Mi'kmaq Settlement - Dartmouth, Nova Scotia


A short history: Maritime First Nations

There are only two First Nations in the Maritimes, Maliseet and Mi'kmaq, not 29. The Maliseet First Nation has six Maritime Communities, and one in Maine; the Mi'kmaq First Nation has 23 Maritime Communities, and five in other jurisdictions: Newfoundland (1) Quebec (3) Maine (1) These communities, with the exception of the one in Maine, have been organized into Bands under Section 2 of the Indian Act. The two Maine communities have been recognized by the United States government.

To refer to each First Nation community as a First Nation is incorrect, it only serves the best interests of Canada. Canada tried to fortify this usage by ignoring First Nation affiliation by placing them under an Aboriginal label under this now defunct address: http://www.ainc-inac.gc.ca/at/mp/mp_e.html. All Bands were listed without regard to First Nation affiliation, and the Website header stated "Atlantic Region Aboriginal Communities." One wonders why the header didn't read "Atlantic Region First Nation Communities." The government has now changed this (2009) and it now list each First Nation Community outside the Aboriginal label.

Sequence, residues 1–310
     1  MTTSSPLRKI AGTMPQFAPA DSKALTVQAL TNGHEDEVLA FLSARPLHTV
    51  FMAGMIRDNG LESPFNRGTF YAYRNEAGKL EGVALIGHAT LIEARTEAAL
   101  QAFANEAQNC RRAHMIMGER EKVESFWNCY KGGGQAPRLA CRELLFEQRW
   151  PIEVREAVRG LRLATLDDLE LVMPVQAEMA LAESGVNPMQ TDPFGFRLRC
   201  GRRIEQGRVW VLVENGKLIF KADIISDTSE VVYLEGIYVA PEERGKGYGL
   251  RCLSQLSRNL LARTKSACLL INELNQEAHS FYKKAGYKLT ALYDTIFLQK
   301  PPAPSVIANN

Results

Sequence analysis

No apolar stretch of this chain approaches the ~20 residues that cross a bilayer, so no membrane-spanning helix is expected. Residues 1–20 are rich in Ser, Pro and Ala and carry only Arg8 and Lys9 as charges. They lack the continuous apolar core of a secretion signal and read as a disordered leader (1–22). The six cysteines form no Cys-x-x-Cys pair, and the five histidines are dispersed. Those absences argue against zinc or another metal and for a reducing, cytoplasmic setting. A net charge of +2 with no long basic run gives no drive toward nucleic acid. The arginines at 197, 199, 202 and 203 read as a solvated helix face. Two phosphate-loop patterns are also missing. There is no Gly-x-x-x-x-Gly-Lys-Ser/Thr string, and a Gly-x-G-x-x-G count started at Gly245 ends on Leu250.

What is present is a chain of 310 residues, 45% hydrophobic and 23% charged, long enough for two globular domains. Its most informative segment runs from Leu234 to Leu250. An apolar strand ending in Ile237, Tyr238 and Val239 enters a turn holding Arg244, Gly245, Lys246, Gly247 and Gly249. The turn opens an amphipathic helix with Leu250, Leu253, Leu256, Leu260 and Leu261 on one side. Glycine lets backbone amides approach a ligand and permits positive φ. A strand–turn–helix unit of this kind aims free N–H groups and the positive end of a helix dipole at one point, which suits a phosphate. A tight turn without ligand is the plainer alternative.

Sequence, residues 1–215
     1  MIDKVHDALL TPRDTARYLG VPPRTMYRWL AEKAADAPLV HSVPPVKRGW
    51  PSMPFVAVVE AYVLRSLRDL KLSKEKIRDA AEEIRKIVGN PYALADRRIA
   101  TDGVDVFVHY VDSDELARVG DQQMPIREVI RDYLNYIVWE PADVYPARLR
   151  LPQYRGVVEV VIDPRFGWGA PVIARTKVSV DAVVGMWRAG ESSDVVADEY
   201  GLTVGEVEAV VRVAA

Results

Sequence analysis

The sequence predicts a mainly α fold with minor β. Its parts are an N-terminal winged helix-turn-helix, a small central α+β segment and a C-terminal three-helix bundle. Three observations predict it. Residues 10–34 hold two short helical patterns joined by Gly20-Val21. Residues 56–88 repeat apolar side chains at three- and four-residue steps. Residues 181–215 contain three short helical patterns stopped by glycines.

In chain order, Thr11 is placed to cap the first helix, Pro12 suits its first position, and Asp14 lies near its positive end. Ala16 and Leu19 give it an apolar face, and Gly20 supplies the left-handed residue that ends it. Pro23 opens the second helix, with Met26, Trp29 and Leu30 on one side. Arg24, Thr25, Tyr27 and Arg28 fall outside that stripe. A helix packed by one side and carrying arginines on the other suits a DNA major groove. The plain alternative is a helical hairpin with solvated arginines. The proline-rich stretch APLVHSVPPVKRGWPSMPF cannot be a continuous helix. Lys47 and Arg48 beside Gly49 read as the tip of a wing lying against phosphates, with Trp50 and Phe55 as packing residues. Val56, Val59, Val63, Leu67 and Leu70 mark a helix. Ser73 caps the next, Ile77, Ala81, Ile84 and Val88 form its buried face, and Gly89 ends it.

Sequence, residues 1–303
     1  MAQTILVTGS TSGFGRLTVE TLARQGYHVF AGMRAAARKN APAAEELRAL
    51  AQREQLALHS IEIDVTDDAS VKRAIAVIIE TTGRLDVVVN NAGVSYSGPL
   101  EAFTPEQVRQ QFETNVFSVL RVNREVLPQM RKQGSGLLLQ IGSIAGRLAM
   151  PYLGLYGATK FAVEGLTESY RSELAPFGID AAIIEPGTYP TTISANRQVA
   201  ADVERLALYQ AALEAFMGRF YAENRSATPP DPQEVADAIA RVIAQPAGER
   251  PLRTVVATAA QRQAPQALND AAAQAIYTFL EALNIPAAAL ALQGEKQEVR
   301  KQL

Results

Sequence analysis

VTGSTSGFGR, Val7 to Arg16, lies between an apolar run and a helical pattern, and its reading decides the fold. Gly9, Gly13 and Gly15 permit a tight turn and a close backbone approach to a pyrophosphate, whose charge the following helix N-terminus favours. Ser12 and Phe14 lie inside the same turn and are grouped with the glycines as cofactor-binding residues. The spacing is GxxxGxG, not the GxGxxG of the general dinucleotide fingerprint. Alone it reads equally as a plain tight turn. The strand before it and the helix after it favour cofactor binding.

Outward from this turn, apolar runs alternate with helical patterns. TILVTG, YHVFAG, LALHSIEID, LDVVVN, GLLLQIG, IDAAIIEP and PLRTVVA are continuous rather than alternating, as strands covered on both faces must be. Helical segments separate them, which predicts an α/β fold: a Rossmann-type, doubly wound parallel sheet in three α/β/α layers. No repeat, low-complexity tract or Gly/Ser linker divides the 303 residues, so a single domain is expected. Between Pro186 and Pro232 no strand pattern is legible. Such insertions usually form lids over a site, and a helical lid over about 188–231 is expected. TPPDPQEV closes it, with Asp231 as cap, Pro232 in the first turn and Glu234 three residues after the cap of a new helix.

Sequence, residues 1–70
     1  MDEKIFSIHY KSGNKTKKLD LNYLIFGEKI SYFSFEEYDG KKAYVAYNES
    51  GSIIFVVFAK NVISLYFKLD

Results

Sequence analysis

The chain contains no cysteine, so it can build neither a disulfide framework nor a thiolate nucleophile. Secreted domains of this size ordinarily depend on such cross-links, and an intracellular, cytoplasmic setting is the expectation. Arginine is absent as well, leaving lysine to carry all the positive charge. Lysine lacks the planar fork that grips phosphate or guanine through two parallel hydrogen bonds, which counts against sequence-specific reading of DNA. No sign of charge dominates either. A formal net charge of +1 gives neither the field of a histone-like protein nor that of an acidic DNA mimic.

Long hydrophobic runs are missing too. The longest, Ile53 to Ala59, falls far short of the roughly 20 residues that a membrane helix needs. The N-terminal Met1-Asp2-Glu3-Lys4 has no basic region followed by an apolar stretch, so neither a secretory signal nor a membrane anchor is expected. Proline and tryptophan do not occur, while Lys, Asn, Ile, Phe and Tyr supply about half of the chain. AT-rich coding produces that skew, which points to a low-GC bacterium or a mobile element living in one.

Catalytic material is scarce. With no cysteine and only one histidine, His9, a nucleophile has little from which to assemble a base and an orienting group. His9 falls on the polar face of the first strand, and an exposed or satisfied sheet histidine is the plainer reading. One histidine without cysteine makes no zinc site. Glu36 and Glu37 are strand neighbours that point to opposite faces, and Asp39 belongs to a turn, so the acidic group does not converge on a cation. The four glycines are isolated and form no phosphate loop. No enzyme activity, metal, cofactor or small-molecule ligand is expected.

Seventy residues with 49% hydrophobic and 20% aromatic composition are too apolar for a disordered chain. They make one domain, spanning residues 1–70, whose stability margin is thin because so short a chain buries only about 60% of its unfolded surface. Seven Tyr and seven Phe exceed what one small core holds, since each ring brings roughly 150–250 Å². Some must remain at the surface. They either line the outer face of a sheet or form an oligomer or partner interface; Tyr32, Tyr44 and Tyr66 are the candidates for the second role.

I believe the reason for the way they had originally listed First Nations under the Aboriginal heading is that the Canadian government is fundamentally opposed to seeing the country's First Nations reconstituted as they existed prior to it using Section 2 of the Indian Act to fragmentize them. I'll use the Mi'kmaq First Nation fragmentation experience as an example of how the government accomplished the deed.